Amitabh Bachhan: Making of a superstar
So Amitabh Bachchan turned 77 on Friday, October 11, with a Dadasaheb Phalke Award gift-wrapped for him by Rashtrapati Bhavan. Fitting, as next month will mark 50 years of Amitabh Bachchan in Hindi films — K.A. Abbas’ Saat Hindustani was released in November 1969. But on this occasion, it would be apt to recall two names that had the biggest hand in the making of Amitabh Bachchan the actor and the star.
Although K.A. Abbas and Sunil Dutt (who curiously cast the “man with the voice” as a mute in Reshma Aur Shera in 1971) were the two filmmakers who first cast him in their projects, neither film made any impact on the audience and could not be considered the launch pad of Amitabh Bachchan. It was the much-celebrated Hrishikesh Mukherjee who pitched him opposite Rajesh Khanna, the reigning superstar, and brought to the fore a substantial new actor. It was Hrishida who introduced both Jaya Bhaduri and a fawning nation of admirers to the brooder with the baritone. The former met him when Amitabh was supposed to be her hero in Guddi (but was replaced by Bengali actor, the late Samit Bhanja, who never quite made it despite starring in Hrishida’s cult film). The latter, that is the audience, got its formal introduction to Amitabh in Anand (released in 1971, the same year as Guddi) where he, as the man of few words, was the perfect foil to Rajesh Khanna’s exuberance. Khanna walked away with many an award but it was Amitabh who stole many hearts away from him as his trek to stardom had begun.
One recalls veteran photographer Gautam Rajadhyaksha revealing that Khanna had confessed to him that this new boy, “mujhe bhari padega” — another way of saying that the lanky newcomer will be my nemesis. It was one superstar (on his way out) recognising the potential in another who had begun his upward climb.
A little aside on Hrishikesh Mukherjee. Those were the days when people read film magazines avidly and many of us who critiqued films were asked by filmmakers, “What do you know about cinema to review our work?” So, I once got Hrishida on board as the official reviewer of Star & Style (an immensely popular film fortnightly in the 70s). Every fortnight, I’d visit Hrishida, a warm, lovely man who lived, surrounded by dogs, in a sea-facing bungalow, and he’d dictate his review of the latest releases. He did it with integrity and insight and nobody could trash his reviews for they came from a man with unquestionable credentials. But alas, a film called Satyam Shivam Sundaram came along in 1978 and Hrishida backed off. He said, “I can’t be anything but honest in my review. But Raj is a dear friend and I cannot hurt him.” Well, that is the plight of many a reviewer week after week and Hrishida understood it after walking a short distance in a critic’s shoes.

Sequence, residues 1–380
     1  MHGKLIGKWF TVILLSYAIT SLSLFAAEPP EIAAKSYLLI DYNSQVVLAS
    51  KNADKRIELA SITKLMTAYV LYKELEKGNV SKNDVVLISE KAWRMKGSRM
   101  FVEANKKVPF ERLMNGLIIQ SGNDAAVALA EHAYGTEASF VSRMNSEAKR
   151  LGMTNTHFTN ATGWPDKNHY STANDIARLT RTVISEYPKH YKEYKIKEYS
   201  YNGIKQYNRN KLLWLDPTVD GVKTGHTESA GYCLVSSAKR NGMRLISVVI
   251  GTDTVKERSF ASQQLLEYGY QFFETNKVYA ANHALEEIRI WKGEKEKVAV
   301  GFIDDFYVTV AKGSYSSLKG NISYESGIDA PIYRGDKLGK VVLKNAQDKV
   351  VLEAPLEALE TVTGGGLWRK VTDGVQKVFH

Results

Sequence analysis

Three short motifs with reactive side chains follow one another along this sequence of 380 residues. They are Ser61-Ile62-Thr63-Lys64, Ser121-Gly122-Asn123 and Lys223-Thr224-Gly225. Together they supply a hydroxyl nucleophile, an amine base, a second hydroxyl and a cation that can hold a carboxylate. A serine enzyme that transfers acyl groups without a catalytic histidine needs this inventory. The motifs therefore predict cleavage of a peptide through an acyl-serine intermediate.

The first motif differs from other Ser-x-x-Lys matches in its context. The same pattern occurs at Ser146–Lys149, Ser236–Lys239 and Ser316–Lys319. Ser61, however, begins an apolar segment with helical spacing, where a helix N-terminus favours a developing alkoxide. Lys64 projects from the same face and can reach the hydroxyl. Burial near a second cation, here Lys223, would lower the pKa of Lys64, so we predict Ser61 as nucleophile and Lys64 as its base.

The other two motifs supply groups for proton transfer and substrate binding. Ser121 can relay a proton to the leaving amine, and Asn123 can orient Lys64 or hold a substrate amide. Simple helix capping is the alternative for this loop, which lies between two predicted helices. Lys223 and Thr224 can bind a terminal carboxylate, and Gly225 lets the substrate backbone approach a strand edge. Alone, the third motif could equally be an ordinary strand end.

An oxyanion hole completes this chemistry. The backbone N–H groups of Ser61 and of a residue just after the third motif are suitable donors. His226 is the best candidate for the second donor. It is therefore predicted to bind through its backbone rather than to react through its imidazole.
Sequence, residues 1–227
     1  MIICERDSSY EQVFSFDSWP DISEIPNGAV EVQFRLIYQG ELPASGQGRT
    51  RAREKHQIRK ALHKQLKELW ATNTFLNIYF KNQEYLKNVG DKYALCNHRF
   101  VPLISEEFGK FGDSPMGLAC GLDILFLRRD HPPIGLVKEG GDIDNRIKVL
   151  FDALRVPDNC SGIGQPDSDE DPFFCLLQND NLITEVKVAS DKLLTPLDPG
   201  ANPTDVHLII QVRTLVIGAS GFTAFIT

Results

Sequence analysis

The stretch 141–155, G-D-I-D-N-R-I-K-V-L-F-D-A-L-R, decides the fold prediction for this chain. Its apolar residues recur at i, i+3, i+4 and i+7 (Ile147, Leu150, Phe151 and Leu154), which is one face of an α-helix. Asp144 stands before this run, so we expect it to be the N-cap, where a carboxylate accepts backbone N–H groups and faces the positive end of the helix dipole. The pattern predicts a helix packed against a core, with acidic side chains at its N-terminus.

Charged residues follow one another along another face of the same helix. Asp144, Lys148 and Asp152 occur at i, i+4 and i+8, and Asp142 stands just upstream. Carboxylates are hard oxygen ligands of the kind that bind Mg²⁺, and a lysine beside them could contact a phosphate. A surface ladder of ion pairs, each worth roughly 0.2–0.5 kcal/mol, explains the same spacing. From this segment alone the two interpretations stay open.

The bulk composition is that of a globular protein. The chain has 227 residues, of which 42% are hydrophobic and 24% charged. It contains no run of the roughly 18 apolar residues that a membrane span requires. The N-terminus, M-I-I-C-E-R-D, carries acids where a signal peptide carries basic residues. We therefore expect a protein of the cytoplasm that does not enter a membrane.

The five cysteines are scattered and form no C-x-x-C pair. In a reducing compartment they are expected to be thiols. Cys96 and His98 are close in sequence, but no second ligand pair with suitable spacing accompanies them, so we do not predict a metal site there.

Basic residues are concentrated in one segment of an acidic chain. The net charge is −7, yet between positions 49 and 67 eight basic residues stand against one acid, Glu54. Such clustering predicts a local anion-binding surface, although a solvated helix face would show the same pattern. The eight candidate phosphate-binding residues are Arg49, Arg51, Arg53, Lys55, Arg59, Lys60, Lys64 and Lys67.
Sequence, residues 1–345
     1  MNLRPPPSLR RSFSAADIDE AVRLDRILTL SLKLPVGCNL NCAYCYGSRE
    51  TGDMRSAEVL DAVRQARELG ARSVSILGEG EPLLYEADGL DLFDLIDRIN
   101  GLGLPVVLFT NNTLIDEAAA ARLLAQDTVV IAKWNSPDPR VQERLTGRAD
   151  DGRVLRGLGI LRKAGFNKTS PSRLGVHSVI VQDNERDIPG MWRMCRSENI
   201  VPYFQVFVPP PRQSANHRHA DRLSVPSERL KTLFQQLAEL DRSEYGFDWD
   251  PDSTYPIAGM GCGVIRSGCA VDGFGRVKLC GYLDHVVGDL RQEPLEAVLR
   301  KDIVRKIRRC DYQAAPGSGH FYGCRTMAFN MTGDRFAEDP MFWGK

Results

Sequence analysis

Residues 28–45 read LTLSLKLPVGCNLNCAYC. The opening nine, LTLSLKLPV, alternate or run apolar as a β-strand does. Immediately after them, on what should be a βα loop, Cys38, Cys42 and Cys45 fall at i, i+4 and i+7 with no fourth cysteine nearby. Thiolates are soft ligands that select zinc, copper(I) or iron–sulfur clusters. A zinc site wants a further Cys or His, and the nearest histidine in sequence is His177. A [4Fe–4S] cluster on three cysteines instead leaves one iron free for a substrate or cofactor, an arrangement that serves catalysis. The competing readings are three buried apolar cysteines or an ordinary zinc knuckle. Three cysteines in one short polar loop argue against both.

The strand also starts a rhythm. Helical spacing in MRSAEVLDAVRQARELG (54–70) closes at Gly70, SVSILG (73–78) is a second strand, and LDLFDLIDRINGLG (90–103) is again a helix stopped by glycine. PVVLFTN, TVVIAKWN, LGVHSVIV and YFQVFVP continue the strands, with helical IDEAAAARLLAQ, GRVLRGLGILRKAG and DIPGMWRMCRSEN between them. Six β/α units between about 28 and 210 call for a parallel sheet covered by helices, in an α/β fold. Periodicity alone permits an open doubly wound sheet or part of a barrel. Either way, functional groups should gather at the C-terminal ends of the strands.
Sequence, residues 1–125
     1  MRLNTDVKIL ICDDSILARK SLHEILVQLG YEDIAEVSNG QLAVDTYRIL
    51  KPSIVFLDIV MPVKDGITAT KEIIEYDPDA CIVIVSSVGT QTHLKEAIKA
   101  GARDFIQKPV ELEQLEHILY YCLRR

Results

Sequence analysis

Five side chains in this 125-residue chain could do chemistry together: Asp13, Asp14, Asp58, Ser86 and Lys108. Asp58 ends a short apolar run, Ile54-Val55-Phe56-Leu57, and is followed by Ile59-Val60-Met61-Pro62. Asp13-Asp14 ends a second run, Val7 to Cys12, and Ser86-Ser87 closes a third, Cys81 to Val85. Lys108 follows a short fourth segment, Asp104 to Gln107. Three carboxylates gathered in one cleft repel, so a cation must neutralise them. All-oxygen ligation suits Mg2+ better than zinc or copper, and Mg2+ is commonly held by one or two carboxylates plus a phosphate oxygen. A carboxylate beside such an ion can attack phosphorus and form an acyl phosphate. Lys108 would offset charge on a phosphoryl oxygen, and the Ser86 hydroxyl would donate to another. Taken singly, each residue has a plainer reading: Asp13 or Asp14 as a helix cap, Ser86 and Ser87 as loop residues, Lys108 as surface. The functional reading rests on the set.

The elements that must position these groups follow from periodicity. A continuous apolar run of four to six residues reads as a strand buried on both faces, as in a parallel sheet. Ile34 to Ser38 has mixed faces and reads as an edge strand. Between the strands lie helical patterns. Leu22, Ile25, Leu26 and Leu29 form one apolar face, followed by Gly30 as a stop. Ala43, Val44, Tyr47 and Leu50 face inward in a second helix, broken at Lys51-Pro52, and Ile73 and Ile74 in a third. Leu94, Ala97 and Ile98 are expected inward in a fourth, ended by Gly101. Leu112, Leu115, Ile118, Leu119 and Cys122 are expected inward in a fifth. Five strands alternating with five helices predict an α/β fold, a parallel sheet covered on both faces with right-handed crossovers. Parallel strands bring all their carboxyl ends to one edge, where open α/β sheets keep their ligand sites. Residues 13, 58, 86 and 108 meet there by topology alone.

To return to Hrishida and Amitabh, although the Bengali filmmaker was the first to bring out the actor in Anand and Namak Haram (1973), the credit for giving him stardom as a swashbuckling hero went undoubtedly to Salim-Javed. Hrishida did finally look beyond Rajesh Khanna and sign up Amitabh in some fantastic lead roles like Abhimaan (1973, the same year that Amitabh-Jaya got married), Mili (1975) and Chupke Chupke (1975). But it was Zanjeer that turned Amitabh the actor into a box-office star.
Here’s a fun fact about the Amitabh Bachchan and Salim-Javed relationship. They went on to do 15 films together which, one is sure, is an unmatched record for any actor-writer combination. It would have been 17 but, tsk-tsk, Amitabh turned down Salim-Javed’s Haath Ki Safai (1974) and Mr India (1987), two big box-office hits.
When Amitabh was named for the Dadasaheb Phalke award this year, Salim (who has had a roller-coaster equation with the actor) said to me, “There’s nobody around who deserves the Phalke more than Amitabh Bachchan today. Undoubtedly, it’s well-deserved.”
Unlike the controversies Padma awards kick up every year, the Dadasaheb Phalke has gone to the right man at the right time.
Bharathi S. Pradhan is a senior journalist and author